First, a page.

David Lyons

in Forms and Limits of Utilitarianism

Published in print November 1965 | ISBN: 9780198241973
Published online October 2011 | e-ISBN: 9780191724817 | DOI:

Show Summary Details


This chapter is about moral rules. Most proponents of utilitarian generalization have viewed such a principle as the ground of moral rules or else have been concerned to account for the strength of certain purported obligations that cannot be accounted for by Act-Utilitarianism. These obligations may be expressed in general judgements about the rightness or wrongness of acts, judgements that can be justified by appeal to utilitarian generalization and which can plausibly be construed as moral rules. The discussion shows how such judgements can be generated. Connected with this topic is the relation of utilitarian generalization to rule-utilitarianism. The discussion considers two main types of rule-utilitarianism: primitive and ‘ideal’.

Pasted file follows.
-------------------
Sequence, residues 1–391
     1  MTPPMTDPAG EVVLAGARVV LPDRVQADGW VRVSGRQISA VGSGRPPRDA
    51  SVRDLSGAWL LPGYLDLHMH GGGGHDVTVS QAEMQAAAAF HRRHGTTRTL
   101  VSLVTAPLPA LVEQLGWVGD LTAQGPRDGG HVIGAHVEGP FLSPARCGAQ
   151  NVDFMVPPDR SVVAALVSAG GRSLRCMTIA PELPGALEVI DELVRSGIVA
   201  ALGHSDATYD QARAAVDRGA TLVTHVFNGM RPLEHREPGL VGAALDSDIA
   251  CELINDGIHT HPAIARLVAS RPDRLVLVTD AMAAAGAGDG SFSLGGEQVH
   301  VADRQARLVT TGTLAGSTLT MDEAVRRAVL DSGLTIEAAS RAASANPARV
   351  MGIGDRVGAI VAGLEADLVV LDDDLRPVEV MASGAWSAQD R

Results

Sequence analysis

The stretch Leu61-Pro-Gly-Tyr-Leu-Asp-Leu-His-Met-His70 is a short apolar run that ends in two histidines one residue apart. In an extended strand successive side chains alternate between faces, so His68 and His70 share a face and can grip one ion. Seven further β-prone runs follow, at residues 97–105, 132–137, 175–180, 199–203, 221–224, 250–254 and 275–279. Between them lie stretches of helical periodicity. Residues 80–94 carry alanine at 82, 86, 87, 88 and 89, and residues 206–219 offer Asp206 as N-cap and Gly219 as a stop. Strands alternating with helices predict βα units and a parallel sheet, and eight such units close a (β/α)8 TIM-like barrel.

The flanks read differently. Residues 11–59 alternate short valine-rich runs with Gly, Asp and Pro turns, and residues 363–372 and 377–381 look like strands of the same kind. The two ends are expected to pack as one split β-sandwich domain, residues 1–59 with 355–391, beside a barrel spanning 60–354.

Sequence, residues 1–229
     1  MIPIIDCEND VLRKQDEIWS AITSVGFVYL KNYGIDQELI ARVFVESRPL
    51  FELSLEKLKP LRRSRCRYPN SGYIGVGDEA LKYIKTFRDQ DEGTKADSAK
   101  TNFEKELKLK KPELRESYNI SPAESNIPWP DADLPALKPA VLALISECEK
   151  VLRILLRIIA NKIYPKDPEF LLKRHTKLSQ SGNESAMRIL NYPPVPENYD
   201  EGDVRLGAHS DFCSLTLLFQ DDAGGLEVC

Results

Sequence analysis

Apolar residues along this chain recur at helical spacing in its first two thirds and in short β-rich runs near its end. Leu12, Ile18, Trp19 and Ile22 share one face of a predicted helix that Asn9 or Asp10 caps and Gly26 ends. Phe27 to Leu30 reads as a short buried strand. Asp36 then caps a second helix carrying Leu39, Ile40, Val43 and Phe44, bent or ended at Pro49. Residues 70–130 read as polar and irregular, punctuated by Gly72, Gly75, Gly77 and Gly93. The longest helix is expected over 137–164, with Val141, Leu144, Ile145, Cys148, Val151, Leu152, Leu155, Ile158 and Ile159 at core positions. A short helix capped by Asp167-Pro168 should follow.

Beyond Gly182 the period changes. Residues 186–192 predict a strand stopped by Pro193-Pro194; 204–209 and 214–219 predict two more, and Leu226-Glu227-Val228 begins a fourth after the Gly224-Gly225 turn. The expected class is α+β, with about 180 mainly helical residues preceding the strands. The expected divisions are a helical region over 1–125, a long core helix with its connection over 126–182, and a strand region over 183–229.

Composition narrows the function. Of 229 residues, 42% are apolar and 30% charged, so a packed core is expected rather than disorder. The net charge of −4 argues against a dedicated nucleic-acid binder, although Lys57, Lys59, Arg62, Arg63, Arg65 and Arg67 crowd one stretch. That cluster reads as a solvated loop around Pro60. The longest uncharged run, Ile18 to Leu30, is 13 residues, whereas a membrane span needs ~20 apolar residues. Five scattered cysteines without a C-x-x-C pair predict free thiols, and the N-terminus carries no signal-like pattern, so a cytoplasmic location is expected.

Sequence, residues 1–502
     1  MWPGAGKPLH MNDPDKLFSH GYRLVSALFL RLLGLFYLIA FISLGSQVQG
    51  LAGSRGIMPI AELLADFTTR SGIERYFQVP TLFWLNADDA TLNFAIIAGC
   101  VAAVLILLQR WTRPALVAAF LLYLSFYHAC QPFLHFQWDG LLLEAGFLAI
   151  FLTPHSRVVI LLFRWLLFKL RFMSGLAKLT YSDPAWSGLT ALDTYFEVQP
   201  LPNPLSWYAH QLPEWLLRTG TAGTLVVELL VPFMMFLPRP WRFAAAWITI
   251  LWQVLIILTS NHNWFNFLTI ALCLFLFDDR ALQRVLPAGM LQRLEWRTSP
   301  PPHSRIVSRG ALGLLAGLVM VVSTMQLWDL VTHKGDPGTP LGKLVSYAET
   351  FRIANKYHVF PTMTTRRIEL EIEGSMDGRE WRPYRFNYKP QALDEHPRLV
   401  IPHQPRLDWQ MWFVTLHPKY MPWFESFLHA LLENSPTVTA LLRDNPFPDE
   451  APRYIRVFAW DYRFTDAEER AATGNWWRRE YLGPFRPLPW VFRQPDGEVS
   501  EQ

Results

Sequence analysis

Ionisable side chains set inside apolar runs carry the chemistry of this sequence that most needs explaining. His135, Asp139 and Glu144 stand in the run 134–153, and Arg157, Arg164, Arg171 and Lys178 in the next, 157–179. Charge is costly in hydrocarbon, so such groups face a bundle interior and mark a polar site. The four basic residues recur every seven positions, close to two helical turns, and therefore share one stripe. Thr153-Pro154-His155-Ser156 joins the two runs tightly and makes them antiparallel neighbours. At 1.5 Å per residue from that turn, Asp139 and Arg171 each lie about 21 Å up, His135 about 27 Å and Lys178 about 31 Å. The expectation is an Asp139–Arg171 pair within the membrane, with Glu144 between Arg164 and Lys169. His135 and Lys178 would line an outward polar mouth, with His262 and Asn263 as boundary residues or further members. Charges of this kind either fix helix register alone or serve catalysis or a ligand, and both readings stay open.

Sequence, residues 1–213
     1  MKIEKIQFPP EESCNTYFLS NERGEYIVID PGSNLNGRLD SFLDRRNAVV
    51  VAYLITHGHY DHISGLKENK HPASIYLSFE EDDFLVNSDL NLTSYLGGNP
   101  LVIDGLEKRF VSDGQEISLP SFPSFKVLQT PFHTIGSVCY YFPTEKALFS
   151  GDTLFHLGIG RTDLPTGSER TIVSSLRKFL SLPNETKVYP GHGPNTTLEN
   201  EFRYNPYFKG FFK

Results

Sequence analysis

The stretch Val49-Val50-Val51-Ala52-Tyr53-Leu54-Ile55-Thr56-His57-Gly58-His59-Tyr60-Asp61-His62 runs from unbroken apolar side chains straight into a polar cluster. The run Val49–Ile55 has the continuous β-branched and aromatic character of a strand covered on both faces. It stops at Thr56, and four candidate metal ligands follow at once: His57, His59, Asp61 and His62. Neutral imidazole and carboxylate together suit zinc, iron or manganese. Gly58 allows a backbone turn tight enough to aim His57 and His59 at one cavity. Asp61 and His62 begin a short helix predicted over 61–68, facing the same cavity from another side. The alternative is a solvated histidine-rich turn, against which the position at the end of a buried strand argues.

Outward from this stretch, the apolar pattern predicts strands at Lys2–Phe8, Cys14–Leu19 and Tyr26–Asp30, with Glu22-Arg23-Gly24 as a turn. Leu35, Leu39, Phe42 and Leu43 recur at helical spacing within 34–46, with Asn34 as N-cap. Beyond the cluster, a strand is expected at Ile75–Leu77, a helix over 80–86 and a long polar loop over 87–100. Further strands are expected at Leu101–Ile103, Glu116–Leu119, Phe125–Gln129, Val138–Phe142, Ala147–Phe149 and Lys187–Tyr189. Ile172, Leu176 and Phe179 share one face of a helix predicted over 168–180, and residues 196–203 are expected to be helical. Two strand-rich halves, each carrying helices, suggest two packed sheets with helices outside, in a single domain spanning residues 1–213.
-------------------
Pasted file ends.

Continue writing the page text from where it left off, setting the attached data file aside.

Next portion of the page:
Keywords: utility; primitive rule-utilitarianism; moral rules; utilitarian generalization; Act-Utilitarianism

Chapter.  15838 words. 

Subjects: Moral Philosophy

Full text: subscription required

How to subscribe Recommend to my Librarian

Buy this work at Oxford University Press »

Users without a subscription are not able to see the full content. Please, subscribe or login to access all content.